IT Peer Network

2 Posts authored by: EleanorWynn

Last year Intel announced the ultra mobile PC using Intel(R) Atom(TM) Processor N270 (1.60GHz) . I commented on its particular incarnation as the Purse PC. I was holding my breath waiting for this to come out. The designer PC is here. I first saw it in a major luxury retailer’s catalog and then in a magazine ad. It is designed by Vivienne Tam and is adorned with large pink and orange chrysanthemums.

Men, don’t stop reading here. It’s your chance to buy your significant other a piece of electronic equipment as a gift and get away with it!

I am still waiting for one by one of my favorite designers, something that is iridescent black with contrasting corners, or pinstripes, or white on white damask…or…retro. We need variety to create market mass and user identity differentiation. But I think the floral treatment is a good start. It is beautiful.

And...for the security minded, who the heck is going to steal this thing from you in an airport?

“Pardon me, I believe that is my Vivienne Tam PC you are carrying underneath your trenchcoat. I am sure it was just a mistake that you confused it with your black standard-sized notebook.”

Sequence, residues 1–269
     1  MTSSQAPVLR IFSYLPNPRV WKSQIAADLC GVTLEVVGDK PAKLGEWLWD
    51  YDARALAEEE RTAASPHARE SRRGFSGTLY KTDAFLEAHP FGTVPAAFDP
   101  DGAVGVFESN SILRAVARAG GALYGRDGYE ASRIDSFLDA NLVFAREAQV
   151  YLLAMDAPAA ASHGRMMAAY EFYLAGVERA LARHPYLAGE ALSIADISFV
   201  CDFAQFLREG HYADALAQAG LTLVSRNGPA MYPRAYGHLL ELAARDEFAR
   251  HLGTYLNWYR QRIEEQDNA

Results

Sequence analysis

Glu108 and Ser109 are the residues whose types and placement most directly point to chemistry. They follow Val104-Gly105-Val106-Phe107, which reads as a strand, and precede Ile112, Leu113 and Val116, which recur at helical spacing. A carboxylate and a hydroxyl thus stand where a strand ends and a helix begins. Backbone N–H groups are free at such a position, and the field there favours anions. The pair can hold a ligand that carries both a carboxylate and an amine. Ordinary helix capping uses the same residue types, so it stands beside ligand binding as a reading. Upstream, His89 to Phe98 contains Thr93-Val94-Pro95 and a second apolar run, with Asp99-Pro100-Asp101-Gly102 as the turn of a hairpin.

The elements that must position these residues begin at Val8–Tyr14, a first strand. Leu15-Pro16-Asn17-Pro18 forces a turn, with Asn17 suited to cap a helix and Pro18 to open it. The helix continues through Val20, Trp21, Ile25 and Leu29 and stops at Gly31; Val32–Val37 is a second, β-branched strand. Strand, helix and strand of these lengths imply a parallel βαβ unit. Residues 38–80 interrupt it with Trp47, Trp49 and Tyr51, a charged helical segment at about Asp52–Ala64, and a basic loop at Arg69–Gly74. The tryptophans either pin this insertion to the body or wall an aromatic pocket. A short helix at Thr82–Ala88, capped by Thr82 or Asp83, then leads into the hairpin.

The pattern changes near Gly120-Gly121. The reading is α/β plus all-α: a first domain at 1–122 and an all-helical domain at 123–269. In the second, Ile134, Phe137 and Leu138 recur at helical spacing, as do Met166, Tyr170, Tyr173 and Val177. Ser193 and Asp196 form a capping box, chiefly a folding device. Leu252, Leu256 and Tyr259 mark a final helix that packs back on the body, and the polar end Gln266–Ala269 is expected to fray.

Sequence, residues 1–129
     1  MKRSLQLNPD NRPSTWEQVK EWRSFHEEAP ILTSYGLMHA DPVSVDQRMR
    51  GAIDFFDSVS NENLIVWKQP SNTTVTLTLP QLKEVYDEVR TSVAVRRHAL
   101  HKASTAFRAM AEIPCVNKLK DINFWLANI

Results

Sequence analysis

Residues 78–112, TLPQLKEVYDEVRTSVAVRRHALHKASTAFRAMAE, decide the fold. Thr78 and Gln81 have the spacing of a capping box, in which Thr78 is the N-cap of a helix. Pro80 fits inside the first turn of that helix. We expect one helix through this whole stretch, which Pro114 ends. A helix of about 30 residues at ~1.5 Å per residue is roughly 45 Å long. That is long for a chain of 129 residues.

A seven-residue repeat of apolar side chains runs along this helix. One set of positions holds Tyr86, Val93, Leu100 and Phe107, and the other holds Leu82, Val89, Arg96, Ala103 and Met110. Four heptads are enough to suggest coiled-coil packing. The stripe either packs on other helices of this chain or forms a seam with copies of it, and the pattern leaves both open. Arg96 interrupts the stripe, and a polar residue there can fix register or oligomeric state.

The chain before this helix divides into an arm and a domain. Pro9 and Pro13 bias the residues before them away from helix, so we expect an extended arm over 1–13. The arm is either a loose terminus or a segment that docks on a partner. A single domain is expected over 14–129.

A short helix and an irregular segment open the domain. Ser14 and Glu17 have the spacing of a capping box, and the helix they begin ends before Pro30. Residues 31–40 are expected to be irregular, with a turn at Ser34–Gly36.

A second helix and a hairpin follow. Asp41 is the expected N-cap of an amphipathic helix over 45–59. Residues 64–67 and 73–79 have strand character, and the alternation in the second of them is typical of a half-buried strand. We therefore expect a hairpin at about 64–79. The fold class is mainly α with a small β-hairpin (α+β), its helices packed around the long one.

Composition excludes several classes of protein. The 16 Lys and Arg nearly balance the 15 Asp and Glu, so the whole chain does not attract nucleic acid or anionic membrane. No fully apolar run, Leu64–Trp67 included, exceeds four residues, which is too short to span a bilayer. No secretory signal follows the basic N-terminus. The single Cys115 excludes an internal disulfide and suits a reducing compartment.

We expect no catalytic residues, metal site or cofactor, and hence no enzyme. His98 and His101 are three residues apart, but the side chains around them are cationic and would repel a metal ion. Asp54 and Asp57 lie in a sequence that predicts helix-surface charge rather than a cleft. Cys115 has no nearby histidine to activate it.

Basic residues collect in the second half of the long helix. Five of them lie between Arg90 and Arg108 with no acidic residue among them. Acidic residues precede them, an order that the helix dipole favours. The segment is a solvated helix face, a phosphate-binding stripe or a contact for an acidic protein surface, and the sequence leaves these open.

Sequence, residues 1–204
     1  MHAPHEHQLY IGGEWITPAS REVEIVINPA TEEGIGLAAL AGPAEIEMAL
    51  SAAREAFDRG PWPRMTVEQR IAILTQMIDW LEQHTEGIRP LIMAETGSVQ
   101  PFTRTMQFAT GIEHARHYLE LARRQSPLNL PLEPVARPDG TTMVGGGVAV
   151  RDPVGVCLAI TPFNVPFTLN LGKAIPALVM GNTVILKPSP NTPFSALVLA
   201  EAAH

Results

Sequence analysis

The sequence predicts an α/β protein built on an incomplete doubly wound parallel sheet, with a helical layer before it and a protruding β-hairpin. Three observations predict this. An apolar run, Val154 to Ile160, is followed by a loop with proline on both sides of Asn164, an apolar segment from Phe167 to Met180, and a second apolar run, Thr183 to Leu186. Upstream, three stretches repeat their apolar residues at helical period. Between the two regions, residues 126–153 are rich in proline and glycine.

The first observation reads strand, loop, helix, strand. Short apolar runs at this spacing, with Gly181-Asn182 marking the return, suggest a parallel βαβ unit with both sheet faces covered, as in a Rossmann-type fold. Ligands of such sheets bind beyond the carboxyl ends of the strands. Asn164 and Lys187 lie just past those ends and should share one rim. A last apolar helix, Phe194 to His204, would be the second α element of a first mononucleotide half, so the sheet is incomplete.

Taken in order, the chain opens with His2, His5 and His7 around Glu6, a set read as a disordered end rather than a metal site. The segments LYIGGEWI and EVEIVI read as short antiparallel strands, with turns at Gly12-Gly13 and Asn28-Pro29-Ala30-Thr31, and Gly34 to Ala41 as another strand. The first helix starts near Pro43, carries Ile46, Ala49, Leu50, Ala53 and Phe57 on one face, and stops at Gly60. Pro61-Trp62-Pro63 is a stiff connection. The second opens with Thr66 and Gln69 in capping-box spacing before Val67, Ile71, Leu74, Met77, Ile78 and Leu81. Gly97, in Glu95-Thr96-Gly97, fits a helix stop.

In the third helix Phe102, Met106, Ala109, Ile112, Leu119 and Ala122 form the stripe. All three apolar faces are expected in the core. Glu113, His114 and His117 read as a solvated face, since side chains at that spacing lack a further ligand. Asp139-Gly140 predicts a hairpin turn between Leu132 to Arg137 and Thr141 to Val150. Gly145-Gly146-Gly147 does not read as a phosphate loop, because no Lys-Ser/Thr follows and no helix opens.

The ideal theft-proofing will be the DIY design-your-own PC skin at the vendor website, using a host of design elements and color, spray paint effects, etc., all baked in of course. That screams: “This is not my Dad!” via remote control. You saw it here.

Next question: what are people putting on their purse PCs. I have to know! And what is the demographic? Click for some clues. The purse PC does have a matching carrying case, and couture dress, if you can afford it. But I notice that on another site someone complained that there was no mirror on it. Possible new graphics app: Mirrorware. Hmmm.

We know that privacy does not exist in the Internet age. But what that “meant” at one time is not what it means now. Then information was available but hidden. Now it is all on the surface, aggregated, and correlated.

 

People protect themselves from the implications of no privacy in different ways. Some protect themselves by being extremely circumspect. I know of a person who though professionally distinguished has but one search engine hit and that comes from a bibliography. How did he/she do that? (I am not going to disturb this carefully protected profile by attributing a gender to it. If I could plausibly claim it was a space alien I would.) Others protect themselves by “not caring”. But what we don’t care about changes as we find new settings to play in and as new capabilities emerge.

 

I just did an Internet search on my name. I had not done this in maybe a year. I was happy to find repeat hits for proceedings volumes I edited with others. And I was surprised to find that those proceedings are for sale on several sites. I think I have about 50 books to sell unless I threw them out already. There was a time when you couldn’t or wouldn’t sell all the extra stuff in your house on the Internet. Those books are being offered for $185 each! I can beat that price if I can find the books.